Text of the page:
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Home arrow Seminar Abstracts arrow Iowa State University 2005

Iowa State University 2005
Department of Electrical and Computer Engineering
Iowa State University, Ames, Iowa

IEEE Signal Processing Society Distinguished Lecture


Adaptive MIMO OFDM Receivers

September 21, 2005

High speed communications over broadband wireless channels has emerged as a key feature of future communications systems due in part to the explosive interest in information technology applications, including mobile wearable systems, mobile computing, high-speed internet, and video transmission over wireless channels. Multi-user and multi-antenna communication schemes are being developed in order to enhance data rates and to allow users to share the same physical channel. Broadband multi-antenna OFDM communications has emerged as a leading technology for such high speed wireless networks. OFDM-based physical layers have already been adopted in several standards including IEEE 802.11a, IEEE 802.11g, IEEE 802.11n, IEEE 802.20, and IEEE 802.16.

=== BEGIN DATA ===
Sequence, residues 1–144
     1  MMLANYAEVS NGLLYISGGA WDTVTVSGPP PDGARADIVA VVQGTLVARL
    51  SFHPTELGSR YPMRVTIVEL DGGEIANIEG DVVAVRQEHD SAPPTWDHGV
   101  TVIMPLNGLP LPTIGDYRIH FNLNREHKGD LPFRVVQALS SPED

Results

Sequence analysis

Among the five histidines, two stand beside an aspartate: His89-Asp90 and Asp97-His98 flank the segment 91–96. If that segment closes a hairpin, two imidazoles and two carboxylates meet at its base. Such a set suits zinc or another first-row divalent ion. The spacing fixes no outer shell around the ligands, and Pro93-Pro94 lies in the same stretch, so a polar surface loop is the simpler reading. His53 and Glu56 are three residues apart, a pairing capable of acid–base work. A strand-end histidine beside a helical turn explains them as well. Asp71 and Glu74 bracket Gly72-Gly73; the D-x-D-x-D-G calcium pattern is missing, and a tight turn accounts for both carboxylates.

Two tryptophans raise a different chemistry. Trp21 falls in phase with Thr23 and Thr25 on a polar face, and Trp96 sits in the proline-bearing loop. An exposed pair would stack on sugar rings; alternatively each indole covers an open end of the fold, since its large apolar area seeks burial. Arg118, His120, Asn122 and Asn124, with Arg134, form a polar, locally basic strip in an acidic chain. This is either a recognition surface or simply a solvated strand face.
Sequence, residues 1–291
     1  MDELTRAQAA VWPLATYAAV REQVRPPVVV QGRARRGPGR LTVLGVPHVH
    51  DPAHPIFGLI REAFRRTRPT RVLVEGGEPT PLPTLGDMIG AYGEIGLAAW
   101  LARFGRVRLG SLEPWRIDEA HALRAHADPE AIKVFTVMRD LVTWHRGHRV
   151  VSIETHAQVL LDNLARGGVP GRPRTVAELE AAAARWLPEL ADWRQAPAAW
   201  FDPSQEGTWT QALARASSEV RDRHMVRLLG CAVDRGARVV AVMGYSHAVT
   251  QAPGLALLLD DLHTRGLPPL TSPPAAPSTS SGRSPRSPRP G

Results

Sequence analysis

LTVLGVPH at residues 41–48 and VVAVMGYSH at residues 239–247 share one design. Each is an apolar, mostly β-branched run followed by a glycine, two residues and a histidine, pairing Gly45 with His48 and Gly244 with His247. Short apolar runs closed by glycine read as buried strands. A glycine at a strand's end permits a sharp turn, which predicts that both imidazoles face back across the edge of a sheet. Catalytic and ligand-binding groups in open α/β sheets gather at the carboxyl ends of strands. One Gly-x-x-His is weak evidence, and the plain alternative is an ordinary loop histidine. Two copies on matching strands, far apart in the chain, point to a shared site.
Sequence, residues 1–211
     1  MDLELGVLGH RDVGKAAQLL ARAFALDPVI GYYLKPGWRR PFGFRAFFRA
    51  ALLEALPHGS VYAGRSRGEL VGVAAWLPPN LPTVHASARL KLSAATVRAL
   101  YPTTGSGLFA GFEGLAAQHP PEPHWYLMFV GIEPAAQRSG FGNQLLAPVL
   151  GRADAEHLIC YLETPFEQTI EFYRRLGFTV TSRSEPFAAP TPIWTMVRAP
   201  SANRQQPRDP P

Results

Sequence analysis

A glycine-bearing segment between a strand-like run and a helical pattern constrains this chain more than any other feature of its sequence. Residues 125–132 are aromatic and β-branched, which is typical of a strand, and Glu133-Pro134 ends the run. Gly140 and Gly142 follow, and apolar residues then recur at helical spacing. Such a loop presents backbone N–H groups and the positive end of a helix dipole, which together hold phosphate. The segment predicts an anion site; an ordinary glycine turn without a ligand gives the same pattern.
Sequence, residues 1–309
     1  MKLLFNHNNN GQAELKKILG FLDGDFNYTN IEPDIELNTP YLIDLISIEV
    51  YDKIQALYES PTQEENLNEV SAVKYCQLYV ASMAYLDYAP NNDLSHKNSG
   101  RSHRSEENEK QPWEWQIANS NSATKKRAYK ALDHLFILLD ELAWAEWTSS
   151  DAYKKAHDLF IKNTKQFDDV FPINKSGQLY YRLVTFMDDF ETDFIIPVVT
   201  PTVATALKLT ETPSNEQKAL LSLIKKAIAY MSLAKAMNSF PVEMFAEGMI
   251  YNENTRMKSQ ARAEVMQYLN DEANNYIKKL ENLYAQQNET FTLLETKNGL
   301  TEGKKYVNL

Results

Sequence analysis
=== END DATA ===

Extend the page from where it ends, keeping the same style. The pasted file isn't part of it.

The performance of OFDM-based receivers in multi-user and multi-antenna communications, however, is generally limited by several sources of distortion that are typical of such environments, including channel fading conditions, inter-symbol interference, inter-user interference, and inter-channel interference. In addition, there are serious implementation impairments that result from analog component imperfections (such as IQ mismatches), and which can significantly degrade the performance of otherwise optimal receivers. These component impairments are difficult to eliminate using analog processing, and they become challenging at higher carrier frequencies and wider bandwidths.

This talk provides an overview of current research on the study and development of efficient adaptive receivers for broadband multi-user OFDM communications using space-time block coded (STBC) transmissions. The receiver algorithms are designed to perform both distortion compensation and data decoding in a joint manner. The receivers are efficient in that they are able to exploit both spatial and data structure in order to reduce computational complexity; they also combat the effects of component imperfections in the digital domain.



 

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